Why sexual harassment still thrives in many work environments

by 19 Mar 2012

In February the Sydney Morning Herald reported the case of a senior executive of the Star City Casino being dismissed in the wake of complaints she made of sexual harassment against Sid Vaikunta, sacked late last year for the misconduct.

Sadly both the victimisation of the complainant and sexual harassment are still present in workplaces in Australia.

As efforts to curb both intensify with ongoing changes to whistleblower legislation and the changes to OH&S legislation there is an increasing onus of responsibility on the employer to keep the workplace safe.

Last year Australian Defence Force Academy (ADFA) cadets were involved in a widely publicised incident involving allegations of inappropriate behaviour and the use of technology, which led to a police investigation.

Consequently the Commonwealth Government engaged the Australian Human Rights Commission (the AHRC) to undertake a wide-ranging cultural review of ADFA, with a specific focus on the impact of that culture on women. During this review the AHRC considered anecdotes of wide ranging types of misconduct directed at female cadets.

The review made new distinctions in the type of behavior understood to constitute sexual harassment including a new concept of “low level” sexual harassment.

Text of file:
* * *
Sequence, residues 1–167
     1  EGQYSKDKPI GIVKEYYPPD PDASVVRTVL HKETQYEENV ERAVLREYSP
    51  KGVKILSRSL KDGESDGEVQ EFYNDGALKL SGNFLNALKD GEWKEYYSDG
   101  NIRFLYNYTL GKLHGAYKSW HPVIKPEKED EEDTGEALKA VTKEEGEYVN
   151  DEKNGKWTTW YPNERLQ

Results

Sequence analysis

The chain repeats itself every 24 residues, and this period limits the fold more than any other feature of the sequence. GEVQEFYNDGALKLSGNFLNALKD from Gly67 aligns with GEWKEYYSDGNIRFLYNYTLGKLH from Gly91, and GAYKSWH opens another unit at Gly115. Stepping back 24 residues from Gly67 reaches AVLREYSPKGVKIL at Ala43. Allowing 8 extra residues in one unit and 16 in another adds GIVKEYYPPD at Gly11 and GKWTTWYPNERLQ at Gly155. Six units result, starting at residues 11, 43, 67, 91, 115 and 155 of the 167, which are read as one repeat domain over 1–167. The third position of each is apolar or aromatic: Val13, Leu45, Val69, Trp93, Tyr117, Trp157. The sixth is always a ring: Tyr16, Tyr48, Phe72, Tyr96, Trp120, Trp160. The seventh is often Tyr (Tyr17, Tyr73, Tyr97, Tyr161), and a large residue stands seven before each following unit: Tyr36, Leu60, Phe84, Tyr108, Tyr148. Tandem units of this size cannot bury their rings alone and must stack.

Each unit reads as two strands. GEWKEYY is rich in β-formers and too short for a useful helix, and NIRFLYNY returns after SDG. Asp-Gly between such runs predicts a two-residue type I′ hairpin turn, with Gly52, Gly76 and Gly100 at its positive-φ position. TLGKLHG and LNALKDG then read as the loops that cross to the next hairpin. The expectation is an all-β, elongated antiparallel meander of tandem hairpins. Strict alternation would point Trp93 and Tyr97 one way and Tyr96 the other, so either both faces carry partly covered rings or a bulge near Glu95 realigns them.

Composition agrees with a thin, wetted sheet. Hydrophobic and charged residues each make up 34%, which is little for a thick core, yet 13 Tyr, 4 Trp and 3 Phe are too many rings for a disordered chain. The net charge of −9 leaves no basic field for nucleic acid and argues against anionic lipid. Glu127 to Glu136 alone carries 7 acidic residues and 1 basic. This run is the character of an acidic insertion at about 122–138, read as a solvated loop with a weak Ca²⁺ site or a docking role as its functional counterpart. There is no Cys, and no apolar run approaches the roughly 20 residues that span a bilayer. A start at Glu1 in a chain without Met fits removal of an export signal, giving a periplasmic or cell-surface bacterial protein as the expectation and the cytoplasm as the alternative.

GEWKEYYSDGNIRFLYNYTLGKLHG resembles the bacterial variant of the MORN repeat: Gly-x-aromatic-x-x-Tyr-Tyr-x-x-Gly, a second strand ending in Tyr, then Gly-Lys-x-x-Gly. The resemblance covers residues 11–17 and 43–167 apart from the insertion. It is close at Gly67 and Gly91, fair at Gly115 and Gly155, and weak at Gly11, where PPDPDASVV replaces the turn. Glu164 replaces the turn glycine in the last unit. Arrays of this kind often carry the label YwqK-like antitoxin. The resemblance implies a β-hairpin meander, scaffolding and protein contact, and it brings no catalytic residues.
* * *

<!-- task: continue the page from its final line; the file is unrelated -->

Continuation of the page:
ADFA is a unique environment where armed services cadets live, work, study and socialize together, creating greater opportunities for incidents of unacceptable behaviour than more orthodox working environments (AHRC, 2011 page 31).

Notwithstanding this unusual environment and even though the AHRC did not actually investigateany allegations of inappropriate conduct, other workplaces can still draw on and learn from the typology used in AHRC’s cultural review and AHRC’s opinions on the seriousness of certain conduct.  

As the AHRC noted, concepts of gender equality, diversity and inclusion can be controversial in any organization and are often met with skepticism or are misunderstood. (AHRC, 2011, Page 61). Often people who have been subjected to inappropriate conduct know that they have been treated poorly but have difficulties conceptualizing the conduct. This either hinders that person from making a complaint or, if they do complain, they may not be able to properly describe the conduct to those investigating it, lessening its probative value. These difficulties also highlight the need for training.

The AHRC’s report contains some helpful discussion for those responsible for conducting and managing workplace investigations involving allegations inappropriate conduct directed at women. It is also useful for those who are responsible for training staff about gender and other diversity related issues including discrimination and complaints procedures.